Last time we took a stroll down memory lane at my first professional job. Along the way we discovered a reality of the service desk; that one of it’s most valuable functions can to change the responsibility for the fix.
In other words, while you may not be able to put a price on being able to sleep at night, because the software issue is being handled, any responsible attempt at financial modeling would – and that price would be substantial.
Adding value by breathing? The sure sounds like a job for the helpdesk, right?
We can do better.
…time passess …
The classic response to a immature helpdesk is to, well, “mature” it up. Add some process. Require customers to clearly articulate what it is they want. More than than that, but to create a single point of contact for any issue — if you want the status, call the helpdesk.
This isn’t a bad idea, and I don’t mean to make too light of it. Once companies implement a strategy like this, if the website goes down, or the ERP system goes down, or email, the database – if any mission critical system stops functioning, you have one number to call – and the incident manager only needs to keep on person in the loop. (More about incident managers later.)
Then I noticed something happening.
In the classic helpdesk scenario, the helpdesk simply acts as a router of calls. If the organization is large enough, this saves time — nobody is calling the sysadmins asking them to create a report in Crystal Reports.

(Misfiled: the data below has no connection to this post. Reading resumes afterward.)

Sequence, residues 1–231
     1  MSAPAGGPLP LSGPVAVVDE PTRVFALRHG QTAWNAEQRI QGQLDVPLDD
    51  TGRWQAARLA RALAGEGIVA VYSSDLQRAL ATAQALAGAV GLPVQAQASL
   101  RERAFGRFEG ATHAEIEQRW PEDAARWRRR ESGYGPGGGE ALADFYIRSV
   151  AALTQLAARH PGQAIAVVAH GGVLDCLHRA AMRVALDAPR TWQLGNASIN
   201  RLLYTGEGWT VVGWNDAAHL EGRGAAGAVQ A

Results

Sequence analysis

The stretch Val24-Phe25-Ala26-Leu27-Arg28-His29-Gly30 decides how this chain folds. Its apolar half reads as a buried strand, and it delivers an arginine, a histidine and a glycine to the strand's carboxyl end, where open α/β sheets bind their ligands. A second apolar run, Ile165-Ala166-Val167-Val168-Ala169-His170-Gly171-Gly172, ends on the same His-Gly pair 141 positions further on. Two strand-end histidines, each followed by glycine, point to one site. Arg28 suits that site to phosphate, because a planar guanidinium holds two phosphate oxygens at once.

On larger, more mature organizations, the helpdesk even handles routine operations — assignment of laptops, perhaps, or allow someone to reset their own password. The best techs get good at these sort of rare but routine questions, especially if you have a single source of hardware. Two months ago at a client site, my screen didn’t come on. One of the tech’s knew the magic bios upgrade trick, because it was a common problem on that model.
All these things are helpful, and they are useful. There is one common problem, though.
Say you have a problem; perhaps the printer says “paper jam.”
You call the helpdesk, and get a ticket number. You would like to lean back, secure that this is someone else’s problem, but you have deadlines to meet, and those deadlines won’t go away because the printer is jammed.
Meanwhile, something is happening to your ticket.
The helpdesk routed the ticket to 2nd tier IT support; the guys that actually walk around the buildings. But they don’t do printer support — that is outsourced to the printer vendor. So they call the printer vendor, who calls the manufacturer, who points out that the device is past it’s warrantee date, and needs to be supported by the company. Tech support doesn’t know what to do with it, so they bounce it to ops management, who puts the ticket at the sysAdmin desk, who reply “we aren’t tech support.”
To make management go away, the lead sysadmin moves the ticket to the Windows Server team. After all, it’s a windows printer issue, right?
You can see where this is going.
If you have a helpdesk of any kind, here’s an idea: Take a look at your tickets, no just for % calls outstanding after X days, but for calls that bounce between teams.
Stop looking at averages, and start looking at outliers – the crazy call that just can’t get resolved.
Do root cause analysis and corrective action on that, and your team can handle the middling stuff in it’s sleep.
Sadly, it will often be the political things, the things where no one wants to take responsibility, the issues that are thorny and painful. There’s probably more to talk about there.
At the same time, we still haven’t talked about the history of the call center — how it came about, and it’s implications on service.
More to come.